Going Gold

Going Gold: New Dimensions

Christian Ward | 5 May 2010 21:00
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Gaming is in fact probably more based on the "spectacle" than even movies are; the jaw-dropping spectacle is pretty much the only thing used to market games these days (think of the advertising campaigns for Modern Warfare 2, God of War 3, or Final Fantasy XIII), even though gameplay mechanics are ultimately far more important to our enjoyment of a game. How many AAA titles do you see with "controls like a dream!" as its tagline, versus how often you see the word "epic," "stunning," or "massive"?

However, the simple fact is that the graphical arms race is at a stalemate. We're well past the point of diminishing returns when it comes to graphical quality - it's no longer profitable to improve sheer graphical quality of a console to the point where it gives a clear advantage over the opposition.

This is why we're seeing the industry get behind new technologies like 3D and motion controls. It's what Nintendo realized before anybody else, and why the Wii has been such a success - a way to offer a new experience that separates a product from its competitors, without costing an arm and a leg. And it's why Nintendo is set to be the first company set to take the first bold steps into 3D gaming as a real commercial product (let's all just forget about the Virtual Boy).

The only thing that Nintendo has announced about their DS successor is that it will be playable in 3D. Given how important the DS has been to Nintendo's fortunes over the past five years, that's a huge level of trust in consumer demand for 3D technology. Of course, this is already following a familiar pattern to those within the industry.

When the DS was first announced, touch screen technology was regarded as a gimmicky addition, a technology from yesterday that had failed to really prove itself to the consumer - this was, please recall, some years before the iPhone and its multi-touch technology arrived, much less the iPad. Nintendo clearly believes that, despite the skepticism for 3D, it can be like "touch" and "motion" before it and become a technology that sells systems.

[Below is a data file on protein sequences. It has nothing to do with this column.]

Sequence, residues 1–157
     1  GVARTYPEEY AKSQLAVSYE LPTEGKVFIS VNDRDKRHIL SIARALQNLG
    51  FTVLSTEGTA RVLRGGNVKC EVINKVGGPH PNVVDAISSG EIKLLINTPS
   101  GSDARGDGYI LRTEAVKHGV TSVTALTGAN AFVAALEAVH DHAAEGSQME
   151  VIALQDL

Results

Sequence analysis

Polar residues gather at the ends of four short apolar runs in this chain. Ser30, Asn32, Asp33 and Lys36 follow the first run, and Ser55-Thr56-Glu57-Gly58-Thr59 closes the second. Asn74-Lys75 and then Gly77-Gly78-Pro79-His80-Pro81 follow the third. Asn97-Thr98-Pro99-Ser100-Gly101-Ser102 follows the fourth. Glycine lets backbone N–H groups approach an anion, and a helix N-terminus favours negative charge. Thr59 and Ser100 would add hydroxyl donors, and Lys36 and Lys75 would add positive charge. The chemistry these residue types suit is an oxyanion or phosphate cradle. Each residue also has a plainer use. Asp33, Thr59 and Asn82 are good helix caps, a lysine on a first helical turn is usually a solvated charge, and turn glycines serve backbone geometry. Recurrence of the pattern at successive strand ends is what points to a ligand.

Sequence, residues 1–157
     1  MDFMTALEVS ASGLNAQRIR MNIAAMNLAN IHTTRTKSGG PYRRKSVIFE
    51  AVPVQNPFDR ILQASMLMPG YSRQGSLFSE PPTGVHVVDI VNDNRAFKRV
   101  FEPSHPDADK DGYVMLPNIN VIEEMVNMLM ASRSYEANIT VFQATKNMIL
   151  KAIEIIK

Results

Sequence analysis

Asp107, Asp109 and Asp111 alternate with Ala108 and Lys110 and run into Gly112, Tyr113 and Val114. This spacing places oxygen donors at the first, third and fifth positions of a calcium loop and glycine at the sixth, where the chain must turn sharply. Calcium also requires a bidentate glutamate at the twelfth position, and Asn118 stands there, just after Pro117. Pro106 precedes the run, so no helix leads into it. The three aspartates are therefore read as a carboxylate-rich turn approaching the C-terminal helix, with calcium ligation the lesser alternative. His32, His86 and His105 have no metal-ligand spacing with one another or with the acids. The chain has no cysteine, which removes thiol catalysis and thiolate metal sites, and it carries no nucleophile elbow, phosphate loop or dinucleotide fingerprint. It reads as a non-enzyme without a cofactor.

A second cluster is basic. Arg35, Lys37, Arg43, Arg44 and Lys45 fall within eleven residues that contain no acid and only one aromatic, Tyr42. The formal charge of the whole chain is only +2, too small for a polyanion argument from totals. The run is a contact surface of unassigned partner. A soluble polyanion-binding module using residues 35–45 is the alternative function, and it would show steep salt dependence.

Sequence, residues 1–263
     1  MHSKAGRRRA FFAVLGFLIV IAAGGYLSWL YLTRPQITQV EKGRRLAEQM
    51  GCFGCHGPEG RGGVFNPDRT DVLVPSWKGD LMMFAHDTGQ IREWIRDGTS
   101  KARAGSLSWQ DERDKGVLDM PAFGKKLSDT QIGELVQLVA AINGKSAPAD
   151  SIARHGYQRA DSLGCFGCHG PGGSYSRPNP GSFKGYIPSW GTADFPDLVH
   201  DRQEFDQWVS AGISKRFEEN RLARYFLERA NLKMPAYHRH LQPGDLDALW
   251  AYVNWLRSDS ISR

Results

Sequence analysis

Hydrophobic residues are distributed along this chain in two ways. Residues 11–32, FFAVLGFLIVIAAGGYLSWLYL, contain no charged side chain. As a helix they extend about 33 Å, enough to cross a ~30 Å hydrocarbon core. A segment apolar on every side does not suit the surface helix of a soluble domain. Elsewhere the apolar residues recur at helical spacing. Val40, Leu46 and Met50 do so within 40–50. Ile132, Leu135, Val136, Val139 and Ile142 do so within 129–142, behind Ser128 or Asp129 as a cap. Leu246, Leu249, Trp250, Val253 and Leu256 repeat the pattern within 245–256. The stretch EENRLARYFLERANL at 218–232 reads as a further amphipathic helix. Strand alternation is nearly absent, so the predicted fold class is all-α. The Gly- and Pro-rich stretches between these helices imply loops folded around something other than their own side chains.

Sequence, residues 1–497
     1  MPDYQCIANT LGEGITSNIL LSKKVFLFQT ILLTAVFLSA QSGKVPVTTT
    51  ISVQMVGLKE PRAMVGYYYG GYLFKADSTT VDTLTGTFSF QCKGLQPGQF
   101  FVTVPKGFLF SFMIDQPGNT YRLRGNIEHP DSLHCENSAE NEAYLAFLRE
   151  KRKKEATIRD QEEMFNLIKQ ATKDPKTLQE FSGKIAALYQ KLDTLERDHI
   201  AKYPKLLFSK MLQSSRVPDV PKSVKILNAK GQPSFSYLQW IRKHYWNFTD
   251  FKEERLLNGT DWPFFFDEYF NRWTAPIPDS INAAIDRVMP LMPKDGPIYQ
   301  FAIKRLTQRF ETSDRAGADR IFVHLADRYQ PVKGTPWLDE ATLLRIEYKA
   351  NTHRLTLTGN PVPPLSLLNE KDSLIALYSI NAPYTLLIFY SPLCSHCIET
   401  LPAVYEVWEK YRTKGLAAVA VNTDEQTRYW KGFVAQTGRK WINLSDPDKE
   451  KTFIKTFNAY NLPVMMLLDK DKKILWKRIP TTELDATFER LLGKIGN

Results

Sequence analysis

So while many, like Ebert, are dubious about 3D in the home or the theatre, or the future of motion control in gaming, in the absence of any other game-changing technologies, this is where the industry is headed.

Where are these new technologies going to take us? To return to Ebert for a moment, he notes that he "cannot imagine a serious drama" such as The Hurt Locker in 3D. This reveals more about his idea of what "serious drama" is than it reveals about 3D. Just as with his views on gaming, Ebert's idea of what "drama" should be is fixed; everything else is but a gimmick.

And this is both right and wrong. The universal tenets of "good" drama are the same whether in a movie, a book, or a story told to you by a friend. Therefore, whether the drama is enclosed in a 2D movie or a 3D one, it does not change the fact that the drama is well crafted. The rest is indeed just a gimmick - and I would argue that film, moving images themselves, are just as much a gimmick as anything else. Compelling stories can often more easily, and more eloquently, be told in prose than they can be on film.

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